III. Criminal trespass is a misdemeanor if:
       (a) The trespass takes place in an occupied structure as defined in RSA 635:1, III; or
       (b) The person knowingly enters or remains:
          (1) In any secured premises;
          (2) In any place in defiance of an order to leave or not to enter which was personally communicated to him by the owner or other authorized person; or
          (3) In any place in defiance of any court order restraining him from entering such place so long as he has been properly notified of such order.
    IV. All other criminal trespass is a violation.
    V. In this section, "secured premises'' means any place which is posted in a manner prescribed by law or in a manner reasonably likely to come to the attention of intruders, or which is fenced or otherwise enclosed in a manner designed to exclude intruders.
    VI. In this section, "property,'' "property of another,'' and "value'' shall be as defined in RSA 637:2, I, IV, and V, respectively.

Doesn't seem to matter that it is a private business open to public access. It would become a 'secured premises' once posted. And according to (b) that would make knowingly entering a criminal trespass. Whether the owner, or designated representative of the owner, would press charges is questionable.
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MaineShark

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Re: First time in NH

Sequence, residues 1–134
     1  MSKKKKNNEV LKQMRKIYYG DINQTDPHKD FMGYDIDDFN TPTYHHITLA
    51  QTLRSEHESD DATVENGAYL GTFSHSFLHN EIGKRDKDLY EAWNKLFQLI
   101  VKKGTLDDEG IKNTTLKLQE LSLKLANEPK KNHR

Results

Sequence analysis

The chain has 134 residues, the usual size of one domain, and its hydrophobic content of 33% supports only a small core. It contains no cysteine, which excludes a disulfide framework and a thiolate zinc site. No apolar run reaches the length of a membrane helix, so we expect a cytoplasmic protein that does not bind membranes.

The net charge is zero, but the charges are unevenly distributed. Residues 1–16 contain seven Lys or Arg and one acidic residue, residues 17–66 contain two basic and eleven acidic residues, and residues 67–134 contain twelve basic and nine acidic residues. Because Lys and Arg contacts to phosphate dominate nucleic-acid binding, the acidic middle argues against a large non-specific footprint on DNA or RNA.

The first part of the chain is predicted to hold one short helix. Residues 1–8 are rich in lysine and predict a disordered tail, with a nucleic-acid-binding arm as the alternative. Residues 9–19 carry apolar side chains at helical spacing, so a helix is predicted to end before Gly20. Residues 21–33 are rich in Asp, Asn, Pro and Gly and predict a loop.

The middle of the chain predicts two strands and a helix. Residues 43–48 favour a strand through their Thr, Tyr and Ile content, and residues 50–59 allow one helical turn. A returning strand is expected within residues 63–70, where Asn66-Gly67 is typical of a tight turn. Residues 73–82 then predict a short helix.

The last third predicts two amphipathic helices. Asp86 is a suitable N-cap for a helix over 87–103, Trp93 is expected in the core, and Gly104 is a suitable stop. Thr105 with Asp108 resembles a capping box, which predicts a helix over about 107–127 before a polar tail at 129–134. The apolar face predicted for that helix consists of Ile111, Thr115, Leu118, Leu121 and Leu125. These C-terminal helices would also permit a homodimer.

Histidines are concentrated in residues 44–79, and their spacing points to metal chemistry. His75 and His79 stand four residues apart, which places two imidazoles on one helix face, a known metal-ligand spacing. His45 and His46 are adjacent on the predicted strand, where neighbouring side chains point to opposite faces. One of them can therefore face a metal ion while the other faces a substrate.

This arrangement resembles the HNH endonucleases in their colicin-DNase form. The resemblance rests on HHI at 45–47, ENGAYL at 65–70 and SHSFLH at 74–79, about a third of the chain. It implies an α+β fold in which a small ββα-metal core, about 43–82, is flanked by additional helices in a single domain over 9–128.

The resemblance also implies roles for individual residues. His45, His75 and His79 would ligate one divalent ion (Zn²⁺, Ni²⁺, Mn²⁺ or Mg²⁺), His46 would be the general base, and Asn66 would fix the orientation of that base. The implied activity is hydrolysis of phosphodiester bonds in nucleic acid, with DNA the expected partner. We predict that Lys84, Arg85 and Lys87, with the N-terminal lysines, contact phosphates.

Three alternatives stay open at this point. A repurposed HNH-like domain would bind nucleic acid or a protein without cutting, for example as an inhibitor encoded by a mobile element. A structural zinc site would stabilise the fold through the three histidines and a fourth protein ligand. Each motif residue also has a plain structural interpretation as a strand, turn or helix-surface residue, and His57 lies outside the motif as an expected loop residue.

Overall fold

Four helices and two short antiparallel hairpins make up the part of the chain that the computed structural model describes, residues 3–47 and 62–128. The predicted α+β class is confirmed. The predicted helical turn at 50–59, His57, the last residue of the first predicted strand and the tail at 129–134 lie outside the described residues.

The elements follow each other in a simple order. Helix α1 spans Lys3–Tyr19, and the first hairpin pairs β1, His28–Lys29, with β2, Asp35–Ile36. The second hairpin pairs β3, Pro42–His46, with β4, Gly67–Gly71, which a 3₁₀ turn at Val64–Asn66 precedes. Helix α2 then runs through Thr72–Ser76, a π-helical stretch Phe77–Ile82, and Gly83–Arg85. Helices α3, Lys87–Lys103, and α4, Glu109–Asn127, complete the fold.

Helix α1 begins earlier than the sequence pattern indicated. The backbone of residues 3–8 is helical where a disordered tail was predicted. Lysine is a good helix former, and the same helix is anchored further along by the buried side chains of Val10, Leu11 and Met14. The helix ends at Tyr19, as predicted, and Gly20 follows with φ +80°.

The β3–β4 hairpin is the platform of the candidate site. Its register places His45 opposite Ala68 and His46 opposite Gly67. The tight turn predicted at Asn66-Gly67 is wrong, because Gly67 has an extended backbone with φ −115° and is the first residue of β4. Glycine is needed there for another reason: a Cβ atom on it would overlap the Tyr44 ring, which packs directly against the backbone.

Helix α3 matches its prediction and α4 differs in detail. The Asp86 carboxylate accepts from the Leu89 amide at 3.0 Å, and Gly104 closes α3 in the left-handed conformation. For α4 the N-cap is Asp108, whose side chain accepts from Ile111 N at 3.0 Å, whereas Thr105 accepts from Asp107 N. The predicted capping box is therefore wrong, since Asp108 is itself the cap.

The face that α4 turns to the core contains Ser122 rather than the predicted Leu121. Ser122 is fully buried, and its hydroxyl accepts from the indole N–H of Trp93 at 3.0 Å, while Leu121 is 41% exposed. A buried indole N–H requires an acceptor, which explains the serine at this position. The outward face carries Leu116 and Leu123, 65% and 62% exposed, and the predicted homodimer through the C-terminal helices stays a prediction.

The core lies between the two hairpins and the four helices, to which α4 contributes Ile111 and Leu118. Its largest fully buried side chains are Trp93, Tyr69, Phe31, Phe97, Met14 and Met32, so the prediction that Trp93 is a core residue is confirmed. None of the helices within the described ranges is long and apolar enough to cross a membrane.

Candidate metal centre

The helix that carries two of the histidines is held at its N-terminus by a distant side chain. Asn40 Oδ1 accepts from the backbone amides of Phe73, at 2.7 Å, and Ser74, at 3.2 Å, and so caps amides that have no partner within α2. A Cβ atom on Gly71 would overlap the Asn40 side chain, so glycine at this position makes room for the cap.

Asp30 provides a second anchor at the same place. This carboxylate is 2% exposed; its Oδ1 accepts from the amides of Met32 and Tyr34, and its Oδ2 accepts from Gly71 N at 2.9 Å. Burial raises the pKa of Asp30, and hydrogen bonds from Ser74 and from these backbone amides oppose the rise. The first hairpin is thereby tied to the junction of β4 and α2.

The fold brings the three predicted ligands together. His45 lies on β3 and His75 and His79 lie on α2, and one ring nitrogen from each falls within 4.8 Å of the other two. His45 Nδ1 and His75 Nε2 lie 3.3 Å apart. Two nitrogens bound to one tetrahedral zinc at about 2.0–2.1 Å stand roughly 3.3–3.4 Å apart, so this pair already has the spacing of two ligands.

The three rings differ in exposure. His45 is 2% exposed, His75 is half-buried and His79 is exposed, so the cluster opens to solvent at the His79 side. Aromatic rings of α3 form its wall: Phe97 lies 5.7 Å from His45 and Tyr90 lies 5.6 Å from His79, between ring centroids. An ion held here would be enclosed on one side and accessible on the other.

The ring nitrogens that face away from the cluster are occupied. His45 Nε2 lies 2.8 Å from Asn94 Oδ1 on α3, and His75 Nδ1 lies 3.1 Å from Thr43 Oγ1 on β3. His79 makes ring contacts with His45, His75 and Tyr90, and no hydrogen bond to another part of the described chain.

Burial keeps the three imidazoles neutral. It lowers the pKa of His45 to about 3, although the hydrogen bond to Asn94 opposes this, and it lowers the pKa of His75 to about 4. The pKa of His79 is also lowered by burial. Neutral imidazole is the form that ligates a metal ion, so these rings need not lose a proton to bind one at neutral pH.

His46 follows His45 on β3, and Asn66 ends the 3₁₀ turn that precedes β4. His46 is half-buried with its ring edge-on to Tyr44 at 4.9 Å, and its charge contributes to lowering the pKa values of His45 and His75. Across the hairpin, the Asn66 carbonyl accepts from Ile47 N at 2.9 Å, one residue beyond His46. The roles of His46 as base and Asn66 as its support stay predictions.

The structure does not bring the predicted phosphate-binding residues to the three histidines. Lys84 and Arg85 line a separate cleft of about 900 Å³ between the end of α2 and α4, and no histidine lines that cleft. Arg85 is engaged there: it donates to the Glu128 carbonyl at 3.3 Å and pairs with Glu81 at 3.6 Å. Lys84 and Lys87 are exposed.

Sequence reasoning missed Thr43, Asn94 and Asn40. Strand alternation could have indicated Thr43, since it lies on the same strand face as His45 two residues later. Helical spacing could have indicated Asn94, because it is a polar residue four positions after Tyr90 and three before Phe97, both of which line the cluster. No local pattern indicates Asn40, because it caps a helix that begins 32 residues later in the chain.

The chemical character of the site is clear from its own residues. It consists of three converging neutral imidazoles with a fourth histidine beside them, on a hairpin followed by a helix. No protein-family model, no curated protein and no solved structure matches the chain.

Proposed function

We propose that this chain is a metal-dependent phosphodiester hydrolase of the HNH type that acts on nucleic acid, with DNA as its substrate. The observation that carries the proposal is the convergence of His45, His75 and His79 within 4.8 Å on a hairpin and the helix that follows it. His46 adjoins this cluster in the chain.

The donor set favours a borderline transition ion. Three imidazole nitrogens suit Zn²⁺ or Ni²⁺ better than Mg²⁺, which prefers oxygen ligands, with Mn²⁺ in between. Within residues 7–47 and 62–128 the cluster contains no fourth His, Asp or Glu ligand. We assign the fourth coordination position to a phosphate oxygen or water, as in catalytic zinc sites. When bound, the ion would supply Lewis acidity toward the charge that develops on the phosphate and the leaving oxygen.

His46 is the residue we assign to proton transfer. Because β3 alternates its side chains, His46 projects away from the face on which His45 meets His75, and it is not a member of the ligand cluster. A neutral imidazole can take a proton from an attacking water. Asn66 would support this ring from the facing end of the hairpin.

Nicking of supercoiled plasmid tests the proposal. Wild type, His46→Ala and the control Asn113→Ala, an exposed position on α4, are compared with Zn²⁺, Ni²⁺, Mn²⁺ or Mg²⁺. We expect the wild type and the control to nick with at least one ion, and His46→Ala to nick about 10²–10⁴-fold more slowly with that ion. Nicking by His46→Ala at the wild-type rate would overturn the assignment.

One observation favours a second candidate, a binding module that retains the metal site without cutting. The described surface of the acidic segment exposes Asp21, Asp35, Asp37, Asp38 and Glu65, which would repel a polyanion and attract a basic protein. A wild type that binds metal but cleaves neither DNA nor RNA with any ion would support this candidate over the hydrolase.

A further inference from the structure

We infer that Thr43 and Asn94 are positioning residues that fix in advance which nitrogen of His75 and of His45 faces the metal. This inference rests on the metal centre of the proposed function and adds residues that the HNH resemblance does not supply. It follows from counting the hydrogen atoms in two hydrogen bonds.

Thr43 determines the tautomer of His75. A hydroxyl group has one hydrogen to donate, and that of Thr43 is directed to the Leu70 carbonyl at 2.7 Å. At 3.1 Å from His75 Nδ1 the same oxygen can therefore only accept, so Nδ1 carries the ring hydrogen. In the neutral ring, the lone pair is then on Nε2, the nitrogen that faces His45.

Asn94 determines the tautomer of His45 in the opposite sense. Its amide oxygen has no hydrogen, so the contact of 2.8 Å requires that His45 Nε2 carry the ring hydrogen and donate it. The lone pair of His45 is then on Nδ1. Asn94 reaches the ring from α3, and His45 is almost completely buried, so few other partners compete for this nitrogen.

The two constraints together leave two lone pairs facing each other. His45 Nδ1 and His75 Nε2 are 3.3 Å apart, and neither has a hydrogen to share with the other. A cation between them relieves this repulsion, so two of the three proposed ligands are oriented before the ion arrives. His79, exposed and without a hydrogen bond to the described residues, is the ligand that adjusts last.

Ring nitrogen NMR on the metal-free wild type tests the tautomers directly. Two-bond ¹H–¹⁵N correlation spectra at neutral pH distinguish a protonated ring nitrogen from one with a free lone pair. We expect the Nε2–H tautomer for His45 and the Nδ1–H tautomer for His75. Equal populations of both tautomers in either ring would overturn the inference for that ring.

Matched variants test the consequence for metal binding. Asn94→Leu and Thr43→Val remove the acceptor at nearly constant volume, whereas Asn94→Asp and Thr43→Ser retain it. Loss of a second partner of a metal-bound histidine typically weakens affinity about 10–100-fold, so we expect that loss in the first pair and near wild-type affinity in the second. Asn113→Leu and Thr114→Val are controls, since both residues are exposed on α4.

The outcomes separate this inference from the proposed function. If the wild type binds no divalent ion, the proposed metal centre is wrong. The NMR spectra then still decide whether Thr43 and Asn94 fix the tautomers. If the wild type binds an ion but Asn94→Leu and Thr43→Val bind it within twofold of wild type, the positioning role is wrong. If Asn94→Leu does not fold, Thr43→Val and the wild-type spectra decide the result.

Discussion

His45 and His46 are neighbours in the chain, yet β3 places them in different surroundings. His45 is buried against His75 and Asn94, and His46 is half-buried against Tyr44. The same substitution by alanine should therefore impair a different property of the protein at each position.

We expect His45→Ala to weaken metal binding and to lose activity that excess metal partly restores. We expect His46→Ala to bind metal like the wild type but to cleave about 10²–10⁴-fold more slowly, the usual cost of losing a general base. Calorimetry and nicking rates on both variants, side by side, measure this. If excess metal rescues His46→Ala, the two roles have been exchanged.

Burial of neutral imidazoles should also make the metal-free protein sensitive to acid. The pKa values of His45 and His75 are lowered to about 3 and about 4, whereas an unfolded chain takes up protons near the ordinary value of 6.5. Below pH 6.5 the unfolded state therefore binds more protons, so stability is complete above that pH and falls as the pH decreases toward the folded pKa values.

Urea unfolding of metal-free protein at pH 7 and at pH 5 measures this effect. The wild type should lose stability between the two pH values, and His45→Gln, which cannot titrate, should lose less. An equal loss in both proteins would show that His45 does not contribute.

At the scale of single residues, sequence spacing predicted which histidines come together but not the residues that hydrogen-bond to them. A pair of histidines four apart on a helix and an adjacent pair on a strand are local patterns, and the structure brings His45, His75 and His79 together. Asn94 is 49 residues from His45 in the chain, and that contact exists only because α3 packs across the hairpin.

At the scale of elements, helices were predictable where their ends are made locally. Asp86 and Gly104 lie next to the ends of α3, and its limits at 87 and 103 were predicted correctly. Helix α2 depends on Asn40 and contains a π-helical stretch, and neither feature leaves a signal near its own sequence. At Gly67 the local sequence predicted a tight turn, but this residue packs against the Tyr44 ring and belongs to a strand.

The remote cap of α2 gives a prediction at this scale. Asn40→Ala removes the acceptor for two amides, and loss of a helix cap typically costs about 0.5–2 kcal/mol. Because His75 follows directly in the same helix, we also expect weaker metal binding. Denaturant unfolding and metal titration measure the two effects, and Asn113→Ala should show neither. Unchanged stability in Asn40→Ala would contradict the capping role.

« Reply #12 on: July 28, 2014, 07:17:36 pm »

Doesn't seem to matter that it is a private business open to public access. It would become a 'secured premises' once posted. And according to (b) that would make knowingly entering a criminal trespass. Whether the owner, or designated representative of the owner, would press charges is questionable.

Yes, it would become secured premises if it was posted "no trespassing" in the manner prescribed by law (detailed in 635:4).

I think you'll find that very few businesses put up "no trespassing" signs at their doors.  It tends to make for few customers.

There's no provision for a conditional sign that disallows those who presently have guns on them, and no one else.  It's all or nothing.
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"An armed society is a polite society" - this does not mean that we are polite because we fear each other.

We are not civilized because we are armed; we are armed because we are civilized..

anon37268573

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Re: First time in NH
« Reply #13 on: July 29, 2014, 05:19:56 pm »

Check out the Liberty Calendar:


http://freestateproject.org/events/liberty-events-new-hampshire

Direct link (a little easier to read/navigate):
https://www.google.com/calendar/embed?src=d908tl7v755t4rfvag6vm55ib8%40group.calendar.google.com&ctz=America/New_York

There's so many early movers here now there is pretty much something happening every day,
especially in the greater Manchester area.
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Advocatus Diaboli

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Re: First time in NH
« Reply #14 on: March 02, 2015, 01:34:26 pm »

First of all not sure what you mean by "libertard" but you should keep in mind that although we do have our share of right-wing jerkoffs, NH elected Obama twice and has a Dem governor.

Addressing your open carry foolishness: you carry a sidearm openly in NH and you more stares than two transvestites making out in public in Birmingham Ala. This is not some redneck paranoid state. But you are welcome, bring lots of money to spend.